“[Sweet Sparkman] is basically designing a minor league baseball stadium for an 800 person college, and the focus of their design was the sports complex. They put so much effort into animating it and doing 3-D tours of the space that the massive stadium would dominate.The other architects didn’t focus on that aspect as much necessarily.”
The proposed architecture plan from STUDIOS Architecture has some similarities to the Sweet and Sparkman plan. There is once again an emphasis on the athletics portion of the campus with a proposed athletics renovation. STUDIOS Architecture, however, proposed less additional athletics infrastructure than Sweet and Sparkman.
In their plan, STUDIOS Architecture proposed “The Playground,” an indoor fitness center housing pickle ball courts, a basketball court, a rock climbing wall and a gym. There was also a proposed fitness garden in this plan.
The most notable difference between STUDIOS’ proposal and Sweet Sparkman’s was that STUDIOS Architecture had a plan to maintain the greenery of the campus. In Sweet and Sparkman’s plan, all of the palm trees currently in Palm Court would have to be cut down. In STUDIOS Architecure’s plan, they reshaped the area to keep these trees that have long been a part of NCF.
Xavier commented on the positive aspects of STUDIOS Architecture’s proposal in relation to the theme of reimagining the Pei campus:
“What [STUDIOS Architecture] did was they really thought about Pei as an architect, and they really looked at the evolution of Pei’s practice. And thought about it because we’re reimagining a very early work of Pei. So how would Pei conceive of those buildings today? I think that’s the fundamental question that you should ask. I felt that the idea of the competition was very noble, which was how do we preserve these structures of a great architect? The idea was not to just tear them down. It was to honor that there was something very special at the genesis of the school. That’s something that [STUDIOS Architecture] took very seriously.”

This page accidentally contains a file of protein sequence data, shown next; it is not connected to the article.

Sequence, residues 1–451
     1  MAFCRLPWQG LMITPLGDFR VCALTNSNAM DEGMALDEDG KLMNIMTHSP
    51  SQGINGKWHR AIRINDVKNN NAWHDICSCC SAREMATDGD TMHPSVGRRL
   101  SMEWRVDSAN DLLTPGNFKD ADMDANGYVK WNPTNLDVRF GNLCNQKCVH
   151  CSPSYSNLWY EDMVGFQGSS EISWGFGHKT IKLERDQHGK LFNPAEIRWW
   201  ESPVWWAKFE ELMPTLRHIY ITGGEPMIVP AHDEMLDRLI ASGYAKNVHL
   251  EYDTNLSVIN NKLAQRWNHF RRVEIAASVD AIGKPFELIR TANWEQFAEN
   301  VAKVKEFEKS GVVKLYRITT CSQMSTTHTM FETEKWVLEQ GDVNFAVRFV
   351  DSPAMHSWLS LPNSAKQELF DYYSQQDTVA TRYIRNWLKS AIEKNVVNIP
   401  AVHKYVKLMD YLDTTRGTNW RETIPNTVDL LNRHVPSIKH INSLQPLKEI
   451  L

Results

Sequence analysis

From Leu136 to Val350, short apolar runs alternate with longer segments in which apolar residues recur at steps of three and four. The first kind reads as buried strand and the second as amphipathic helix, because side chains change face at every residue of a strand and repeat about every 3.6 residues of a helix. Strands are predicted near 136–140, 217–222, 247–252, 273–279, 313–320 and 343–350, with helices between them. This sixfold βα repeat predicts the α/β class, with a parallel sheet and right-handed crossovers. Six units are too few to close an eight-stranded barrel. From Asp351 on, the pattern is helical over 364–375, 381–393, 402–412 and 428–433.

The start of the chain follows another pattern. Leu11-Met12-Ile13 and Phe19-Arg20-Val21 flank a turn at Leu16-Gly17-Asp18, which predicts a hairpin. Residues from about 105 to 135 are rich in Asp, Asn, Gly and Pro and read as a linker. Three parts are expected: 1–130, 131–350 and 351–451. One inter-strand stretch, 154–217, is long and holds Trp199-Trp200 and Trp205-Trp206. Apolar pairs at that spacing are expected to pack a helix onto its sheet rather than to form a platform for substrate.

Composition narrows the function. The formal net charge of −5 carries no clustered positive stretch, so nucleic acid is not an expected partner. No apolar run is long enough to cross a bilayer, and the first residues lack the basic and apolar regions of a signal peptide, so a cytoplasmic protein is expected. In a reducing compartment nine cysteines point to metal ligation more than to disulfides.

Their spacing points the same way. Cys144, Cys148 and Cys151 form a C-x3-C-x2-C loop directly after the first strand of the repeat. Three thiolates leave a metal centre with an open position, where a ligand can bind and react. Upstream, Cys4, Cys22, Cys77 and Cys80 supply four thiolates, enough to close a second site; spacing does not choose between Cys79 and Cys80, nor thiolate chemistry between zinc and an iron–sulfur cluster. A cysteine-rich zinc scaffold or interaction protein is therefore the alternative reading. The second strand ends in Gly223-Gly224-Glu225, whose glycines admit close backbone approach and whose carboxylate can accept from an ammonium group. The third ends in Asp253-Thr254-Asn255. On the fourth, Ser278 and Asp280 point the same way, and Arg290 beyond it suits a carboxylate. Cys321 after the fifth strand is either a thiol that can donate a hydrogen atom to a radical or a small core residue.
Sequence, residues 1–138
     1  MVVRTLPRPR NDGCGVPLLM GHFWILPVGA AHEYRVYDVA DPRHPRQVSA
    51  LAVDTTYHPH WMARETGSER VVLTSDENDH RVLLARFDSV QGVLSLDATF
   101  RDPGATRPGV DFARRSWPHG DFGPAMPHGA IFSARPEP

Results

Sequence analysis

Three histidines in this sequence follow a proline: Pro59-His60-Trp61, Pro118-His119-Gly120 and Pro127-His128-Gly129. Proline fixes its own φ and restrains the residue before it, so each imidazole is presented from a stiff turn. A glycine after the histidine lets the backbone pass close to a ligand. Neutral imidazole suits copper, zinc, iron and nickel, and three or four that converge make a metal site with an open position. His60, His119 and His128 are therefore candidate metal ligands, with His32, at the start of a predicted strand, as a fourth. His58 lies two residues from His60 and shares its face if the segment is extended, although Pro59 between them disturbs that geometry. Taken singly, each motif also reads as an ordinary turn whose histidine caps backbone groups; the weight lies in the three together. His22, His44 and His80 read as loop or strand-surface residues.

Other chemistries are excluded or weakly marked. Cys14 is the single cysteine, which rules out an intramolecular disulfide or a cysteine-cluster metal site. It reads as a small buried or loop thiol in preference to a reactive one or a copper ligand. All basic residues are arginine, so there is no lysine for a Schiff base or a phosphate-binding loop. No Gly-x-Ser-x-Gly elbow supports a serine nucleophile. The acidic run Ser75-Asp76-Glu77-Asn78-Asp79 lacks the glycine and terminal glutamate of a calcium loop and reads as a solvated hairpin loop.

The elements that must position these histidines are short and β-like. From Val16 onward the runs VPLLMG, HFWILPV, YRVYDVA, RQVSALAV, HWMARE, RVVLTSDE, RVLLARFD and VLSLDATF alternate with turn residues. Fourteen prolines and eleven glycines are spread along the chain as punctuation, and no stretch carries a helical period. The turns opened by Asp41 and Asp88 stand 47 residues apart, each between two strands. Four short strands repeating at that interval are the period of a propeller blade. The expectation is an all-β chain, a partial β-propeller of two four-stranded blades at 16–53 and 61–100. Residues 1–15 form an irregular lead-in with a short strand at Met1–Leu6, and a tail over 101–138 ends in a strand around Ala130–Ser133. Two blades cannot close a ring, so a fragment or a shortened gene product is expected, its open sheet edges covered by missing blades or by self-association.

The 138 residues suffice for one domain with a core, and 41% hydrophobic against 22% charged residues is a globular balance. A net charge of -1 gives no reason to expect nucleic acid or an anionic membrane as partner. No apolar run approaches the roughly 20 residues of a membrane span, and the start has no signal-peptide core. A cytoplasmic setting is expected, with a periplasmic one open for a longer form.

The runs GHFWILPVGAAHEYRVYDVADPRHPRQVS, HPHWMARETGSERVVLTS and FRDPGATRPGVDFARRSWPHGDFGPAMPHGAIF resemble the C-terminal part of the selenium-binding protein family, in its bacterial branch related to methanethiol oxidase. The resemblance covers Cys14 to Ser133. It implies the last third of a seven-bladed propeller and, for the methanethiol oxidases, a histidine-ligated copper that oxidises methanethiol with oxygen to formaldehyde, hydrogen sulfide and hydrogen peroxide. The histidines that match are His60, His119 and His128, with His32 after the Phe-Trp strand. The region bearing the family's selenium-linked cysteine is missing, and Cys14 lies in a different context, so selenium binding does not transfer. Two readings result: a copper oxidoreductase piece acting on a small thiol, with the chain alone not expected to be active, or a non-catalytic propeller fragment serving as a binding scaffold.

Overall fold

STUDIOS Architecture, according to Xavier, also had the most feasible plan for a fast building process.
“[STUDIOS Architecture] had the most feasible plan, putting in less walkways and putting the Pei campus to a more efficient use,” he said.
The final proposal that was presented at the event was from Brooks+Scarpa. Their guiding design principles were to “design appropriate scaled facilities for a small college, increase walkability and reduce parking, integrate and increase social and recreational activities, manage historical, natural and built campus resources, design buildings and landscape for environmental performance and efficiency and encourage connections with the greater community.”
In this plan, there is no additional pedestrian bridge, however there is still great focus on athletics with similarities to Sweet Sparkman’s plan such as: sports facilities, a multi-sports field, a softball field, a baseball stadium, an aquatic center, beach volleyball, pickleball and tennis courts, campus activity center and fitness trail. Other additions included dining options and classrooms, which both aforementioned plans also proposed.
With Sweet Sparkman being the winner of the competition, there are many questions going forward with the plan, with the cost and timeframe for completion remaining unclear. Sweet and Sparkman themselves had questions about it, saying the “million dollar question” surrounds construction costs and inflation.